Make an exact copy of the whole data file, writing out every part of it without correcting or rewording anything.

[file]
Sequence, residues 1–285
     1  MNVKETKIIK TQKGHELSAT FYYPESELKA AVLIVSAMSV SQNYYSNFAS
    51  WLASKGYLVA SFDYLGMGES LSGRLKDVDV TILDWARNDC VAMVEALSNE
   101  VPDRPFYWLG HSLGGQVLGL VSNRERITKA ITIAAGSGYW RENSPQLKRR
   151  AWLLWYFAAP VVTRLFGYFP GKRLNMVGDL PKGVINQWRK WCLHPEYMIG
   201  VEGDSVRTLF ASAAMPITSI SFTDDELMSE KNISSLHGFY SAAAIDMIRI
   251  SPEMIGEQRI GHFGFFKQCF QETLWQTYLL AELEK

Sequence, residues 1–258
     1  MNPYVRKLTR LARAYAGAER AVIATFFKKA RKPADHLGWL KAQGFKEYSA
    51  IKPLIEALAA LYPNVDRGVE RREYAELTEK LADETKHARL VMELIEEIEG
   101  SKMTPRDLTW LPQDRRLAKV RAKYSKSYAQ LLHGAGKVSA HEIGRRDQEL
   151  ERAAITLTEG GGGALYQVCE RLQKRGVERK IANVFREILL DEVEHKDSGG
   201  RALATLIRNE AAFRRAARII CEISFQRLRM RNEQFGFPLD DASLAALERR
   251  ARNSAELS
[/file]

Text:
Sequence, residues 1–285
     1  MNVKETKIIK TQKGHELSAT FYYPESELKA AVLIVSAMSV SQNYYSNFAS
    51  WLASKGYLVA SFDYLGMGES LSGRLKDVDV TILDWARNDC VAMVEALSNE
   101  VPDRPFYWLG HSLGGQVLGL VSNRERITKA ITIAAGSGYW RENSPQLKRR
   151  AWLLWYFAAP VVTRLFGYFP GKRLNMVGDL PKGVINQWRK WCLHPEYMIG
   201  VEGDSVRTLF ASAAMPITSI SFTDDELMSE KNISSLHGFY SAAAIDMIRI
   251  SPEMIGEQRI GHFGFFKQCF QETLWQTYLL AELEK

Sequence, residues 1–258
     1  MNPYVRKLTR LARAYAGAER AVIATFFKKA RKPADHLGWL KAQGFKEYSA
    51  IKPLIEALAA LYPNVDRGVE RREYAELTEK LADETKHARL VMELIEEIEG
   101  SKMTPRDLTW LPQDRRLAKV RAKYSKSYAQ LLHGAGKVSA HEIGRRDQEL
   151  ERAAITLTEG GGGALYQVCE RLQKRGVERK IANVFREILL DEVEHKDSGG
   201  RALATLIRNE AAFRRAARII CEISFQRLRM RNEQFGFPLD DASLAALERR
   251  ARNSAELS